1. #1
    Chaz's Avatar
    Lives in Ickenham, West London, United Kingdom. Last Activity: 2 Hours Ago Has been a member for 6-7 years. Has a total post count of 1,362. Received thanks 111 times, giving thanks to others 65 times.
    Hi,

    I have 2 Leadshine EM806 drivers running two steppers for a lathe. On the X Axis I have no problem. On the Z Axis, I can rapid at 4000 mm/min easily enough. The ballscrew pitch is 5 mm from memory and the gearing is roughly 1 : 2 (motor:ballscrew).

    I did some threading testing on the lathe and noticed that I cannot thread whilst the RPM on the spindle is higher than around 200 rpm. If I run say 640 rpm, the Z stalls but only stalls feeding towards the chuck. I have no mechanical binding. I messed with acceleration rates (Centroid Acorn) but with threading it seems to ignore these.

    The motor is a 12.5 NM stepper - Nema34. It's being fed by a 70V Leadshine PSU and runs at max current (8.3A). Ive run the 'auto sense' flicking the dipswitch number 4 to sense the motor. I can hear the motor pulse.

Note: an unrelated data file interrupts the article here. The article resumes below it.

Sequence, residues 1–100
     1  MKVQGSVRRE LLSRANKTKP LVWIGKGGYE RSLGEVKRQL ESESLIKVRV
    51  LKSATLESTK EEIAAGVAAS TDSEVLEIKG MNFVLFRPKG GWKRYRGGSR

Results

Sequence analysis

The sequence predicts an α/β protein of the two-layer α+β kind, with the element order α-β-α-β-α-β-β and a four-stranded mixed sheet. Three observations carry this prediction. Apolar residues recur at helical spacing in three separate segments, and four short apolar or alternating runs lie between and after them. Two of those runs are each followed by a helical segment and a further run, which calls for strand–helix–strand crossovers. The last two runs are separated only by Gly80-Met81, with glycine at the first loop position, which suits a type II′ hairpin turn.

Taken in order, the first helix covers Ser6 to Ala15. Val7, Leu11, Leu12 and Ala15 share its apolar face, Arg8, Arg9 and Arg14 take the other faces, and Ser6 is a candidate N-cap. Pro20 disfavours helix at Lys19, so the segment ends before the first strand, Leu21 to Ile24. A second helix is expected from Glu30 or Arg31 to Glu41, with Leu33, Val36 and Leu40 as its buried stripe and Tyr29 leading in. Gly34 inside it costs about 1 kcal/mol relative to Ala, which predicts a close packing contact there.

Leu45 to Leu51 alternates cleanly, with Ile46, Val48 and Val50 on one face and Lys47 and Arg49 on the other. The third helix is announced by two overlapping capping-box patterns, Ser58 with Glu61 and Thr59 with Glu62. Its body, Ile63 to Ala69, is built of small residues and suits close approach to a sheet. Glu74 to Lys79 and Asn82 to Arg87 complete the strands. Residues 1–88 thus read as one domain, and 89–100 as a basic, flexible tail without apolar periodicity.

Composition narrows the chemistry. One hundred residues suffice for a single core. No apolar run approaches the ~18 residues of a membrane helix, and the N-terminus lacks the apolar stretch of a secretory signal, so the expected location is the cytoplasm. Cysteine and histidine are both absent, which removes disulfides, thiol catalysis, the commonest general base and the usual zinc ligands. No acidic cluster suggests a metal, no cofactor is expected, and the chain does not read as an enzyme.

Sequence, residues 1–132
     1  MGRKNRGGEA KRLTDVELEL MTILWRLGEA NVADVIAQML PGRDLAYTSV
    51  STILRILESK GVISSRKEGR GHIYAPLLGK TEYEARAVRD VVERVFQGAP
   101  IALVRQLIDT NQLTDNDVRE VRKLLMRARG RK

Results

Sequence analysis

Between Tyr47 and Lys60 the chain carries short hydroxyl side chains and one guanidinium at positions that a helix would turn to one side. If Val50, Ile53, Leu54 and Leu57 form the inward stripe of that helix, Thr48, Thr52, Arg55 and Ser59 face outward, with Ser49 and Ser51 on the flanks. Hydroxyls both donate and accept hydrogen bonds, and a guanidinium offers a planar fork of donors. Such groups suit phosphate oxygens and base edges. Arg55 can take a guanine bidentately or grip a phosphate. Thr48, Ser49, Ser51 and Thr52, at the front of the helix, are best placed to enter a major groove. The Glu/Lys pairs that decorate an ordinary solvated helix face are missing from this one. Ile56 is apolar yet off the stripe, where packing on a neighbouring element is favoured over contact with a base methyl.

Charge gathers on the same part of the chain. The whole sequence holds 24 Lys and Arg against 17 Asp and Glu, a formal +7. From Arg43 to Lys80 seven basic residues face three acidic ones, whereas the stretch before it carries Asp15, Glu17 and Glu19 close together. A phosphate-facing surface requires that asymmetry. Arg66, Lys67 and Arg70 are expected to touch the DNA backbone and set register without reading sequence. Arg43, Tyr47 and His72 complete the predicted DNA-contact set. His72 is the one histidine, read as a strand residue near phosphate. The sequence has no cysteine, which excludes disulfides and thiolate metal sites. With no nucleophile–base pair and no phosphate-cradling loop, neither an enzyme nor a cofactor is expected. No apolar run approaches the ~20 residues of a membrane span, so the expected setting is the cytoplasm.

I dont have a cable or PC with serial port (old laptop somewhere) so checking the drive isnt easy. Is it possible that I can get better performance from the system by messing with the software or is that just fine-tuning?

    On my other lathe, I have no problems but the ballscrew pitch on that machine is very fine, hence torque is not an issue.

    Here's a quick video of it - you can see that it comes in, starts the thread, but then only goes in 1 direction but stalls in the other. Thoughts?


  2. #2
    Chaz's Avatar
    Lives in Ickenham, West London, United Kingdom. Last Activity: 2 Hours Ago Has been a member for 6-7 years. Has a total post count of 1,362. Received thanks 111 times, giving thanks to others 65 times.